- The Washington Times - Friday, June 26, 2015

Movies to possibly tempt the male demographic highlight Blu-ray home entertainment releases this week.

Run All Night (Warner Home Video, Rated R, $44.95) — Gruff, gravely voiced, but oddly lovable Liam Neeson starred in yet another action flick in March that already arrives to home theater screens.

The gangster drama, directed by Jaume Collet-Serra, stars Mr. Neeson as retired hitman Jimmy “The Gravedigger” Conlon. He’s having a hard time living with his past but finds old skills required to protect his estranged son after junior witnesses a crime by Mr. Conlon’s former boss’ son.

An obligatory car chase along with a steady diet of hand-to-hand combat and gun fights mix with solid performances of Ed Harris (Mr. Conlon’s life long mob boss buddy now turned against him) and Joel Kinnaman as Jimmy’s son.

The digital transfer highlights some stunning views of a night-time New York City skyline while every high-impact moment — even a fight in a burning tenement building using flaming table legs — looks sharp and detailed.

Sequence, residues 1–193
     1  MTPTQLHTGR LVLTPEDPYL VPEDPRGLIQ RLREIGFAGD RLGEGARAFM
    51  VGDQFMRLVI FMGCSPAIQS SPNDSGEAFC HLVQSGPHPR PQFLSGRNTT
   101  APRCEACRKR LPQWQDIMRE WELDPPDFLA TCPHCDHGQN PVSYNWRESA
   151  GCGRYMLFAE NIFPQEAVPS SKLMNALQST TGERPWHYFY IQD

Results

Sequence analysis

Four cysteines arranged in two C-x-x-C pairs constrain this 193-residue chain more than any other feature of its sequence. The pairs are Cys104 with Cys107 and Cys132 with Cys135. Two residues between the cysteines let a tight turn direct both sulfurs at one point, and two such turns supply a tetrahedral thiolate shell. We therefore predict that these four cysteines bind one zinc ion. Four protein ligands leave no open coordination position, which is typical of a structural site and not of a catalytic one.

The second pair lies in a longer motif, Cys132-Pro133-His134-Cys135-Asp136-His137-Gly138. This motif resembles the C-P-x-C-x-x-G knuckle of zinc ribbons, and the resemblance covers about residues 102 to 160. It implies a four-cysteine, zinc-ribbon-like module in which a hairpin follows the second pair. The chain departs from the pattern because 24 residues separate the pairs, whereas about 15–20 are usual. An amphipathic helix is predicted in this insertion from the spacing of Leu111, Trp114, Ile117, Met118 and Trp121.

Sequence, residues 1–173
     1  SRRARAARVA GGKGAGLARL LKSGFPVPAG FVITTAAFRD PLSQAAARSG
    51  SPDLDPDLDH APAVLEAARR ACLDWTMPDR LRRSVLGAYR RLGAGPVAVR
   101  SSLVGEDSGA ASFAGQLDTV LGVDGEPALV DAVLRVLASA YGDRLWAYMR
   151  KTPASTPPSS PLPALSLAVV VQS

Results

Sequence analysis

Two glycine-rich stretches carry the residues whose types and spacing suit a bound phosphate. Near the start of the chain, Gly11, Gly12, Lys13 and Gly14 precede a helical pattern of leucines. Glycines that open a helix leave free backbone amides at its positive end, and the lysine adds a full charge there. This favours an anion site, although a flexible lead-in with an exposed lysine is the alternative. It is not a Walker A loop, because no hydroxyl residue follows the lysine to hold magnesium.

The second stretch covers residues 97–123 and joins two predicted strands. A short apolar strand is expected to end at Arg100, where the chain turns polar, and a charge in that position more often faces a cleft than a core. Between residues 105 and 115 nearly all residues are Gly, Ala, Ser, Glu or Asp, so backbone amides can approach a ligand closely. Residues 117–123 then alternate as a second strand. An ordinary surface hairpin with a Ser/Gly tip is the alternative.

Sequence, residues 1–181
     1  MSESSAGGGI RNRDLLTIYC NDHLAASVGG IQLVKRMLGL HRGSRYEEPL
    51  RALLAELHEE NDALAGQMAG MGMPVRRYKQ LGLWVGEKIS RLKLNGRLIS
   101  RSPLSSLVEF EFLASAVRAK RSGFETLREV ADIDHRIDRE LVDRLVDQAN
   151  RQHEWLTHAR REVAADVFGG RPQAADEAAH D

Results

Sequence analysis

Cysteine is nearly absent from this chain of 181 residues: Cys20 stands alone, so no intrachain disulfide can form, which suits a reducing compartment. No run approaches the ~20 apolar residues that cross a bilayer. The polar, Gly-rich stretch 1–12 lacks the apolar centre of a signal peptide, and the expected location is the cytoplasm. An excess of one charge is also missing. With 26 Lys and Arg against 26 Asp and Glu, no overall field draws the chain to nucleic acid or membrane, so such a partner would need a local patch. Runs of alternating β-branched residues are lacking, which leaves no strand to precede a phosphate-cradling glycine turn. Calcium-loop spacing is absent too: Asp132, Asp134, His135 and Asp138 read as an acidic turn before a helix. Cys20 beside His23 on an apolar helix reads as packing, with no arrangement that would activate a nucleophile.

“Run All Night” certainly makes for a fine evening of rented or on-demand entertainment. It’s a gritty escape along the same lines as “John Wick” but not as fun.

However, due to a very light selection of extras — a 6-minute tribute to Mr. Neeson’s physicality as an action star and a 10-minute look at shooting a movie at night (48 nights in a row at one point) — the Blu-ray is not recommended for permanent purchase to a home entertainment library.

The Forger (Lionsgate Home Entertainment, Rated R, $19.99) — John Travolta brings his A-game (as in angst) and Boston accent to a recent film now on Blu-ray where he stars as imprisoned Raymond Cutter.

This forger makes a deal with a crime syndicate lord to get an early release and spend more time with his ailing son.

All Cutter has to do is duplicate a Monet painting, steal the original from a local museum and replace it with his copy.

The film — more television drama than thriller yet more depressing tearjerker than action thriller — will leave viewers feeling suckered by its underwhelming possibilities.

The film’s saving grace is a foul-mouthed performance by Christopher Plummer, the father of Mr. Cutter and more than ready to help his son and grandson with the big heist.

It’s digital transfer neither hinders or helps the final effort as director Philip Martin spends little time highlighting the beauty of Boston. Instead, he concentrates in close-quarter locations for the character’s unfortunate situations.

A 10-minute, promotional featurette offers zero reason to buy the film and keeps it firmly in the rental and on-demand viewing realms.

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